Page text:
Flagging enthusiasm

As we drove through Texas, I pointed out a huge American flag in the distance. “What’s that? Some military base?”

He looked at it. “Nope. Probably a car yard.”

And so it was.

Driving through America is an exercise in flag-waving. The suburbs are full of houses with flagpoles in their yards. Cars have flag decals. people wear the flag on their hats, their social media pages, their tattoos. It’s everywhere.

In Australia, not so much. Some homeowner with a flagpole, let alone a flag flying, is regarded with suspicion as not being quite the thing. A little too gaudy, a little too unsure of themselves, a little bit racist.

On Australia Day or Anzac Day, sure, everyone loves the flag. Those are days when we celebrate our national identity, and the flag is a big part of that. Kids will get Australian flag temporary tattoos, wave a little plastic flag, stand up proudly when the national dirge is played.

Other times, not so much. Government installations will fly the flag. Military bases, schools, council chambers. They’ll often fly the Aboriginal flag as well, to indicate that they are only doing it because it’s in a book of regulations somewhere.

But there’s a certain subset of Australians who wave the flag around, make it a big part of their identity. They are sending a message of Australia for Australians, Australia: love it or leave it, Australia is full up.

I personally think immigration is too high, as is the national birth rate. I’ve flown over Australia enough times to know that once you leave the coast, the land soon turns into desert. It’s like flying over Mars. For hours on end there is nothing but rocks and sand. We might be a big country, but most of the place is miles and miles of nothing at all.

And we’ve got to keep building stuff to put new Australians in. Every year we have to build enough houses and roads and schools and hospitals to make a new city the size of Canberra, the national capital. Housing is all but unaffordable for young couples, and like as not if they do find a house with enough room to raise a family, it’s a two hour commute in to work, and another two back again in the evening.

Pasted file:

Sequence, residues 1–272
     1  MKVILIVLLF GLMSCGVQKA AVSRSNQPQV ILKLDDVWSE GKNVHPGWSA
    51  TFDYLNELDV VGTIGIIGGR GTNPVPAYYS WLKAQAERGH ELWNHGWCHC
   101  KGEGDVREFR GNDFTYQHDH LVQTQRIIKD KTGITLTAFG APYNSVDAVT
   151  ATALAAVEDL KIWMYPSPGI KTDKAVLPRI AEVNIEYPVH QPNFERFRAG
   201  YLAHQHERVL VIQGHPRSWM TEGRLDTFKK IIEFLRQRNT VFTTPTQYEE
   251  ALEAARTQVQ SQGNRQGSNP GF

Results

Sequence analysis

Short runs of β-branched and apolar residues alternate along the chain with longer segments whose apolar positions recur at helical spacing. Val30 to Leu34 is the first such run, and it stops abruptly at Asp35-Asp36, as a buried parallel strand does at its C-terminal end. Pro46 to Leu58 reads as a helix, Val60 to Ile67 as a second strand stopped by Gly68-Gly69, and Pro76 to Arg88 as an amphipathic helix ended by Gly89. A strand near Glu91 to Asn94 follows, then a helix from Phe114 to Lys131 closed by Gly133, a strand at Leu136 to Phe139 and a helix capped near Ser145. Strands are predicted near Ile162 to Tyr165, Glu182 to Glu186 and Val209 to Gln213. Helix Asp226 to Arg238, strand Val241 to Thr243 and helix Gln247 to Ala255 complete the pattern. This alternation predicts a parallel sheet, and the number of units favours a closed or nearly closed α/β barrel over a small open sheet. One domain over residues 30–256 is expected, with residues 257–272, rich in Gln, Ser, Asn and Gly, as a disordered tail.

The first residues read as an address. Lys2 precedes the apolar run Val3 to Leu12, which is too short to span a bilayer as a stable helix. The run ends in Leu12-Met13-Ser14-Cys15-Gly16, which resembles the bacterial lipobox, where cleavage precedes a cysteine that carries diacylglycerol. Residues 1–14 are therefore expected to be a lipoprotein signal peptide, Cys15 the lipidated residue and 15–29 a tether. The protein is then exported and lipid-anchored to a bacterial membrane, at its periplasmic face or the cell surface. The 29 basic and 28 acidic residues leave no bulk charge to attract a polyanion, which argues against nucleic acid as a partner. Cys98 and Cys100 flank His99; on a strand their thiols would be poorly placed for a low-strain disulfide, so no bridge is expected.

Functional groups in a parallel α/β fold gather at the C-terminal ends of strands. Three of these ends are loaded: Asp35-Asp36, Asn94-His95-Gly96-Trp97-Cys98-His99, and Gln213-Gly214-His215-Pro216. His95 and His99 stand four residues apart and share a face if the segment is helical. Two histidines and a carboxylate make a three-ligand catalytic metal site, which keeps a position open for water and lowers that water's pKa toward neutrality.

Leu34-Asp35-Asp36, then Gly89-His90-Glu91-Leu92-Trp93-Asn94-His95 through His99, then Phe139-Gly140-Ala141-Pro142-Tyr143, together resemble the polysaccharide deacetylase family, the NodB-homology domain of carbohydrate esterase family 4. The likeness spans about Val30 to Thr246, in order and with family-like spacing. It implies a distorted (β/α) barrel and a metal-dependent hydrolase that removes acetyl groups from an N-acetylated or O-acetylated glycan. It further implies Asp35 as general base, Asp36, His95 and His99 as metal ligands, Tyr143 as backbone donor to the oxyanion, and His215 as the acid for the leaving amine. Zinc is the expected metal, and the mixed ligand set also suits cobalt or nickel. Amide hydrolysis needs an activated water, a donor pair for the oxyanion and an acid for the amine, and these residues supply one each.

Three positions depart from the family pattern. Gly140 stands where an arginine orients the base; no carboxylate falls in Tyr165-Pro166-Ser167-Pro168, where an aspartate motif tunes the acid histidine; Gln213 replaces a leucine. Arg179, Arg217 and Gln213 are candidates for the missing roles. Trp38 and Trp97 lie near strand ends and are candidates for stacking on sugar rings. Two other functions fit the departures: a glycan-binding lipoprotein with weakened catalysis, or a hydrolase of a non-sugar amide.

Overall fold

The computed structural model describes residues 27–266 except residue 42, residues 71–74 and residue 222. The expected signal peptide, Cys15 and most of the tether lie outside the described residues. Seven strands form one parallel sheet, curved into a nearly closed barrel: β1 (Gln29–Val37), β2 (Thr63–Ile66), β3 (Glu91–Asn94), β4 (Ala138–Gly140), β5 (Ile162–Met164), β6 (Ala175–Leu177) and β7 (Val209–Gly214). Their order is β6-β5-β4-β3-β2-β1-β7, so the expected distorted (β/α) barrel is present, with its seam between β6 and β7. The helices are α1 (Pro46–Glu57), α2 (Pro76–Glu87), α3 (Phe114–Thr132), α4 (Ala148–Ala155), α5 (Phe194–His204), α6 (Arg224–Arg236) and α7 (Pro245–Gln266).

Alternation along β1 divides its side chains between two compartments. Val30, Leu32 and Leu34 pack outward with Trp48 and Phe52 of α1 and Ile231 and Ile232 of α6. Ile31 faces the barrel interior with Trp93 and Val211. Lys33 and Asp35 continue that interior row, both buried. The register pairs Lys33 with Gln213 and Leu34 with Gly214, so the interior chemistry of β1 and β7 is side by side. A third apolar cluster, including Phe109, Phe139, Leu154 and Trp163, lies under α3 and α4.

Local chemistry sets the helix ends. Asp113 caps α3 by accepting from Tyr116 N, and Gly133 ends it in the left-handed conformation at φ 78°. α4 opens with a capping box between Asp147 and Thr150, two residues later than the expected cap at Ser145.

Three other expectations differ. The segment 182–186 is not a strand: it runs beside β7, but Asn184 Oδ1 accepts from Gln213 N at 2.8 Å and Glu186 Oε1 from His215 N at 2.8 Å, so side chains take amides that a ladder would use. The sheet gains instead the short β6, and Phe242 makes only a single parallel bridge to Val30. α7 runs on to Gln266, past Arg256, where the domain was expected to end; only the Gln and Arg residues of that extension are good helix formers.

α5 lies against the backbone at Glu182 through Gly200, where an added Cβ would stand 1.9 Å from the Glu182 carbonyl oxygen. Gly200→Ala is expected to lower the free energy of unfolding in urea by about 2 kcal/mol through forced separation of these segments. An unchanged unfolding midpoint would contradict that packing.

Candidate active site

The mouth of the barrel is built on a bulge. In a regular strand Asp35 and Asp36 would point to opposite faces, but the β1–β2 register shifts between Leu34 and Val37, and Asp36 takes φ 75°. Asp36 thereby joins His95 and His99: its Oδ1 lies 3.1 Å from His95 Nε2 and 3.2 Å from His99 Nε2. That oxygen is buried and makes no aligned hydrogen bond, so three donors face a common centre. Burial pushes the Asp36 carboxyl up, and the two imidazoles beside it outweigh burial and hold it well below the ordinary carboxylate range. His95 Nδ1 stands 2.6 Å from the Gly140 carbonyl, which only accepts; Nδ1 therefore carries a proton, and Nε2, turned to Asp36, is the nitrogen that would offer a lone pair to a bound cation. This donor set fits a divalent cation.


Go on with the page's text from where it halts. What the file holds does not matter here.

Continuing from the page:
But I don’t think these particular flag-wavers have questions of infrastructure or environmental sustainability on their minds. No, they don’t want to see any more “foreigners” coming in. People who can’t speak English. People who aren’t Christians. People with brown skins.

For these flag-waving folk, the flag is a shorthand way of saying “I’m a racist, and proud of it.”

So pardon me if I don’t fly the flag or put it on my social media profile. I love my country, and I’m a proud Aussie, but I wouldn’t want to be mistaken for a bigoted bastard.

Britni

Image courtesy Wikipedia

Written by Britni Pepper

Britni Pepper has always enjoyed telling stories. About people, places and pleasures. Her schoolmates loved listening to her stories about princesses and pirates and dragons, and once she looked up to find the principal looking on. "No, no, don't stop, Britni," he said. "I want to hear what happens next!" What happened next was university, a job in the travel industry, and a career of travelling the world meeting the most fascinating people. Britni has travelled to thirty of the world's nations and loves making up stories about fascinating people doing interesting things in exotic places. No longer tales about princes and wizards, but her stories are just as much fantasy as ever.

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